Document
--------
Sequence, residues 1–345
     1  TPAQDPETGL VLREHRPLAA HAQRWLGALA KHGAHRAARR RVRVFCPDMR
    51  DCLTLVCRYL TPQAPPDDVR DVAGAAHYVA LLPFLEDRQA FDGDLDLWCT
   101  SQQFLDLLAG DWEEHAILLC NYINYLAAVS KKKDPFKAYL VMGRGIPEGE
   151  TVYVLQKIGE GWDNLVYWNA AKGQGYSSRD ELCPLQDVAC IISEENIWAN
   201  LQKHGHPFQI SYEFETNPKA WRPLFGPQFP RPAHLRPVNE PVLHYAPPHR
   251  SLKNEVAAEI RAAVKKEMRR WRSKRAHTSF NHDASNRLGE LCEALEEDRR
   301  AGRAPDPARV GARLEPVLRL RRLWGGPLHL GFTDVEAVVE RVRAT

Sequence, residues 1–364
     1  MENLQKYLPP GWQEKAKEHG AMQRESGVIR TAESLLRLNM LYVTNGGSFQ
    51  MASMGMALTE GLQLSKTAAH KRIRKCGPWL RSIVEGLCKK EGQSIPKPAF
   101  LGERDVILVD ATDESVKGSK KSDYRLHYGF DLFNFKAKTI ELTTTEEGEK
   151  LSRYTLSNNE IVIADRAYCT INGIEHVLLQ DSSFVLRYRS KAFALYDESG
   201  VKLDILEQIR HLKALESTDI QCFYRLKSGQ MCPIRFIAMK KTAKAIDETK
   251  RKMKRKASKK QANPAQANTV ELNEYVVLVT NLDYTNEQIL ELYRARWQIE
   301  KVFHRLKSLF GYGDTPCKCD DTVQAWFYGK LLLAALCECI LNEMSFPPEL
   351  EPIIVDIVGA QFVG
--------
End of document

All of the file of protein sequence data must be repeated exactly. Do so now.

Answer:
Sequence, residues 1–345
     1  TPAQDPETGL VLREHRPLAA HAQRWLGALA KHGAHRAARR RVRVFCPDMR
    51  DCLTLVCRYL TPQAPPDDVR DVAGAAHYVA LLPFLEDRQA FDGDLDLWCT
   101  SQQFLDLLAG DWEEHAILLC NYINYLAAVS KKKDPFKAYL VMGRGIPEGE
   151  TVYVLQKIGE GWDNLVYWNA AKGQGYSSRD ELCPLQDVAC IISEENIWAN
   201  LQKHGHPFQI SYEFETNPKA WRPLFGPQFP RPAHLRPVNE PVLHYAPPHR
   251  SLKNEVAAEI RAAVKKEMRR WRSKRAHTSF NHDASNRLGE LCEALEEDRR
   301  AGRAPDPARV GARLEPVLRL RRLWGGPLHL GFTDVEAVVE RVRAT

Sequence, residues 1–364
     1  MENLQKYLPP GWQEKAKEHG AMQRESGVIR TAESLLRLNM LYVTNGGSFQ
    51  MASMGMALTE GLQLSKTAAH KRIRKCGPWL RSIVEGLCKK EGQSIPKPAF
   101  LGERDVILVD ATDESVKGSK KSDYRLHYGF DLFNFKAKTI ELTTTEEGEK
   151  LSRYTLSNNE IVIADRAYCT INGIEHVLLQ DSSFVLRYRS KAFALYDESG
   201  VKLDILEQIR HLKALESTDI QCFYRLKSGQ MCPIRFIAMK KTAKAIDETK
   251  RKMKRKASKK QANPAQANTV ELNEYVVLVT NLDYTNEQIL ELYRARWQIE
   301  KVFHRLKSLF GYGDTPCKCD DTVQAWFYGK LLLAALCECI LNEMSFPPEL
   351  EPIIVDIVGA QFVG